Vault 1.0 announced, Beta Released

The next release of Vault will be version 1.0, a milestone for HashiCorp products. HasiCorp believes that the software covers all of the expected use cases effectively and has matured enough to be considered highly stable.

The first day of HashiConf 2018 marked the release of the Vault Version 1.0 beta, including a number of new updates.

Automatic Unsealing of Vault has been added to the open source release of the product in Version 1.0, after previously only being available in Vault Enterprise.

Typically, Vault requires a customisable number of users to provide their own keys to ‘unseal’ Vault – allowing access to the secrets storage.

With Automatic Unsealing, the key management services within cloud providers like AWS Key Management Service (KMS) can be used to take custody of these keys. And Vault can automatically unseal its secrets removing the need for operators to intervene.

Batch Tokens have also been added to Vault 1.0. They’re useful when Vault needs to create a high volume of short-lived credentials that only need simple access to its functionality, such as within a serverless application or batch processing jobs using of parallel execution.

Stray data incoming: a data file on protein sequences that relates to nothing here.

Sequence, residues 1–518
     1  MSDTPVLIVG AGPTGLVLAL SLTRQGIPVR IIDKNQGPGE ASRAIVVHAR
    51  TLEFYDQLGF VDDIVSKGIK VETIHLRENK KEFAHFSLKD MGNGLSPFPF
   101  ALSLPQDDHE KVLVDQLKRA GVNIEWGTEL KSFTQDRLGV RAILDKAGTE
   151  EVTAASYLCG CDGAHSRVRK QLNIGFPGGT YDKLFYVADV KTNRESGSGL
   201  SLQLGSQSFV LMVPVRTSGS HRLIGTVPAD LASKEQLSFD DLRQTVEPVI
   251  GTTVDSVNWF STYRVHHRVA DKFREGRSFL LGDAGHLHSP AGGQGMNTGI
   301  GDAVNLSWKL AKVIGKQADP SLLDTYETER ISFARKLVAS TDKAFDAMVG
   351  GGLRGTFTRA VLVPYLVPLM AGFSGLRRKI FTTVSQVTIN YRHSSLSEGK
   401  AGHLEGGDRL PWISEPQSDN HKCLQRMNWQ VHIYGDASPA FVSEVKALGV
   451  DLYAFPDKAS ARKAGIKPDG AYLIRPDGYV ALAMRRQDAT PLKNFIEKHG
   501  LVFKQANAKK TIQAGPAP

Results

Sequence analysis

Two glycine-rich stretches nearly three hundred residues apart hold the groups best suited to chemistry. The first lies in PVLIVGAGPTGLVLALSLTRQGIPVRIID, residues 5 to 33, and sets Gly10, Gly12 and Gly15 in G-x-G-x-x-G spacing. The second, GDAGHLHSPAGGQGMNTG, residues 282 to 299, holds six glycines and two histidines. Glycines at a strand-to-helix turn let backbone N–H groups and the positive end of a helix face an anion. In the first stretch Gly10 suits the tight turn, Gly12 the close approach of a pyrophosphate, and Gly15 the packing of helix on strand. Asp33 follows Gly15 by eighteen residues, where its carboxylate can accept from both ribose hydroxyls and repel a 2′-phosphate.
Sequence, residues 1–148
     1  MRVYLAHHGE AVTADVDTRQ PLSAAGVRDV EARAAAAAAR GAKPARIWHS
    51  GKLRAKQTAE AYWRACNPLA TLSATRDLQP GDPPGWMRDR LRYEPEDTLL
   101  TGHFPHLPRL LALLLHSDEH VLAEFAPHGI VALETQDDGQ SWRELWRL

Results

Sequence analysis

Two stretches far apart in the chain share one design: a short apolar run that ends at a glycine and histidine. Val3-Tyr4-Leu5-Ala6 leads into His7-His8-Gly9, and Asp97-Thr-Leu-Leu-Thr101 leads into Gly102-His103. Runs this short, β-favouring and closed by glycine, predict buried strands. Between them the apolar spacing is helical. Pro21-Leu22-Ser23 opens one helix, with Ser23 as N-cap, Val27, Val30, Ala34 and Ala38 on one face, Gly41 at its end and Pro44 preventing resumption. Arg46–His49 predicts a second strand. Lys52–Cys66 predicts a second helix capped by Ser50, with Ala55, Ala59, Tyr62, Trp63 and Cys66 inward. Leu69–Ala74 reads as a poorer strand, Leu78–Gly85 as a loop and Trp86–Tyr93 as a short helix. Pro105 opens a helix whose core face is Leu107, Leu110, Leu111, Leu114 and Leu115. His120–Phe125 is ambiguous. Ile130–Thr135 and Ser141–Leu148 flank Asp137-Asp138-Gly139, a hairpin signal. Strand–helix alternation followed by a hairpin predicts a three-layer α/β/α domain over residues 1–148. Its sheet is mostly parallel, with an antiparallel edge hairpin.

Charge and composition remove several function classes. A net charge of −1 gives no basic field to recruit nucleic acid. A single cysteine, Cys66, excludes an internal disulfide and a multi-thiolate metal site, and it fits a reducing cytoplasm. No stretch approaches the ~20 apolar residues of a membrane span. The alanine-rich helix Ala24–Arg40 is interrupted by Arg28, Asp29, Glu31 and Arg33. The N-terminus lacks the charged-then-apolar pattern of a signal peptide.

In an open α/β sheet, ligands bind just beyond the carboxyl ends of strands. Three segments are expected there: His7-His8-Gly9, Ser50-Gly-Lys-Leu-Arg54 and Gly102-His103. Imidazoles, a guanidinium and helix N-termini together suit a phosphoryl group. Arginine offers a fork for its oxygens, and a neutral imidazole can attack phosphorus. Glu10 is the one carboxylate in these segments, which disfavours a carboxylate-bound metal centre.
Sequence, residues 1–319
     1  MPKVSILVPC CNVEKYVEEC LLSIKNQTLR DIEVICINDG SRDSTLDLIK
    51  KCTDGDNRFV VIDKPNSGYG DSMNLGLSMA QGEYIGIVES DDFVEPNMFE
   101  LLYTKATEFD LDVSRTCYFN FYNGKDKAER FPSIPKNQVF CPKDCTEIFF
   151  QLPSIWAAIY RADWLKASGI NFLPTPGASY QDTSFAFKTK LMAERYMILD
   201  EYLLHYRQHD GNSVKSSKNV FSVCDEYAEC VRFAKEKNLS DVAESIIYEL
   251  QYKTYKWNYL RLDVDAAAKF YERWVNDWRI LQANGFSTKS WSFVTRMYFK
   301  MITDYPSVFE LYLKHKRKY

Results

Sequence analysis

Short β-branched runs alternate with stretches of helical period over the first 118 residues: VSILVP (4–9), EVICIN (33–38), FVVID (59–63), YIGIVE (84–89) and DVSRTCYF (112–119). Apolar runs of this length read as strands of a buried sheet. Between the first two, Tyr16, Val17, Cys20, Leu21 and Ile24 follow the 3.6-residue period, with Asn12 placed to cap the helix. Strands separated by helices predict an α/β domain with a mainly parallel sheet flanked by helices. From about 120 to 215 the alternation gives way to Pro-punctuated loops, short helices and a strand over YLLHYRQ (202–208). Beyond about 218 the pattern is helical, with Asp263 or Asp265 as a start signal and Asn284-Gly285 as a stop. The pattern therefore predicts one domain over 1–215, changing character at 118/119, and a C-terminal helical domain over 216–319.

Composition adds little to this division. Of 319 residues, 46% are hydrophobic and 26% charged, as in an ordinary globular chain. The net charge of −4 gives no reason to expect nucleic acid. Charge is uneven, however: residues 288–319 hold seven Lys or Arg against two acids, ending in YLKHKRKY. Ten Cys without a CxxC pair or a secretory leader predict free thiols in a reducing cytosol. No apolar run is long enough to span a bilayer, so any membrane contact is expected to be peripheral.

Vault doesn’t have to track every Batch Token within its own storage. Instead, the client manages their own token state entirely. It’s now less work for the Vault cluster to perform, compared to a standard Service Token. This tool is perfect for short-lived tasks.

Vault Advisor

Announced as a HashiCorp research project, Vault Advisor looks like it could be a fantastic update for Vault.

Advisor is being designed to monitor usage patterns for services talking to Vault and to notify the Vault user when a service has been granted permissions in excess of what it is actually using. By comparing the Vault Access Control List granted to a service and the actual secrets that it is requesting, a differential is calculated between the two – showing what access is unused.

This means that Vault will make it easier to use the principle of least privilege for your Vault Access Control Lists, giving suggestions for what access can be removed.

There isn’t currently a launch date for Vault Advisor, as it is still being actively worked on. But the end goal is to launch Advisor into General Availability for Vault users.

HashiCorp Learn

Finally, HashiCorp Learn is the new web-based tutorial site. It’s designed for users to learn more about how to use HashiCorp products, starting with a guide for using Vault.

By the end of the year, HashiCorp plans to have guides for Consul, Terraform and Nomad as well. This will make the site a valuable place for users who are new to the tools, as well as those looking to learn more advanced topics.

This information is also available for free and should make for a great addition on top of the existing product documentation for helping users to understand the HashiCorp product suite.